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Feb 04, 2016
 |  BC Innovations  |  Tools & Techniques

Calibrating CARs

Switchable CAR T cells could target solid tumors safely

Instead of focusing on how to turn chimeric antigen receptor (CAR) T cells off when things go wrong, a group at the California Institute for Biomedical Research (Calibr) has engineered a universal CAR T cell that is only switched on when it's wanted. By designing the system to dial out side effects and dial in tissue specificity, the researchers believe the new type of CAR T cells will be both powerful and safe enough to use against solid tumors.

That's been one of the main limitations of CAR T cells, whose dramatic impact has so far been limited to blood cancers. The most advanced CAR T cells in development - from Juno Therapeutics Inc., partners Novartis AG and the University of Pennsylvania - target CD19 to treat acute lymphoblastic leukemia (ALL), and other disclosed CAR T cell therapies in the clinic are for leukemias, lymphomas and hematologic malignancies.

However, while patients can live with the B cell depletion that sometimes comes with targeting CD19, most other tumor antigens are also expressed on healthy tissues that would lead to much more severe toxicities if targeted. CAR T cell therapies can also cause cytokine release syndrome, an inflammatory reaction caused by release of cytokines that can be severe or fatal if not quickly reversed.

Conventional CAR T cells target tumors directly via an antibody fragment against a tumor antigen, joined to an intracellular domain that triggers T cell activation. Several companies are developing strategies to prevent adverse events that involve shutting down the T cell activity in the presence of danger signals. (See Table: CAR dashboards)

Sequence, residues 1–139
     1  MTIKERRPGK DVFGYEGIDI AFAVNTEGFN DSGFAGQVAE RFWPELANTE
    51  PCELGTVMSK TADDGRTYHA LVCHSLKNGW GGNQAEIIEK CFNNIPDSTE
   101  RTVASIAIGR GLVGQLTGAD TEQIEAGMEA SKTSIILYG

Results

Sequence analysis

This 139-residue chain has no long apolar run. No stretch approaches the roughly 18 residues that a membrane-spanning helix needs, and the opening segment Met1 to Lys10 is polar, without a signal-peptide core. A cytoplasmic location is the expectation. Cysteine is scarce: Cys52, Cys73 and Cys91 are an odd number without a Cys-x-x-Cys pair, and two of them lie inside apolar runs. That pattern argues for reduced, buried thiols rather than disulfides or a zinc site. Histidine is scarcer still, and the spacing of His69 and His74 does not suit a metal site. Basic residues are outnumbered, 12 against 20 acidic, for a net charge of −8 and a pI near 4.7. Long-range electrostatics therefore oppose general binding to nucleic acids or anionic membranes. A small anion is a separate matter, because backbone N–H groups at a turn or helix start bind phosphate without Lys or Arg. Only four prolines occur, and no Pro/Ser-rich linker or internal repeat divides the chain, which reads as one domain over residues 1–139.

The problem with those methods, said Alexandre Juillerat, senior scientist at Cellectis S.A., is that once the cells are shut down, they can't be turned back on to restore therapeutic activity.

Other approaches to limiting CAR T cell activity require additional antigenic signals to raise the threshold for activation. But those depend on having the right antigen expression patterns in vivo, and can't be controlled in the clinic.

The Calibr group, led by the institute's founding director Peter Schultz, took a strategy that involved a two-component system containing a CAR T cell engineered to target a foreign inert peptide, and an antibody "switch" composed of the relevant peptide conjugated to a tumor-targeting antibody. (See Figure: Switch it up)

Schultz is also CEO and professor of chemistry at The Scripps Research Institute.

The idea is that the CAR T cells will be directed to the tumor by the switch and will not have any activity by themselves because the peptide is not present in humans. As a result, the strength and duration of the CAR T cells' activity can be controlled by modifying the dosing and design of the switch.

Using mouse models of leukemia, the team showed a single CAR T cell design could work in tandem with switches against different tumor antigens, with less risk than conventional CAR T cells of triggering cytokine release syndrome. Now the group is planning...

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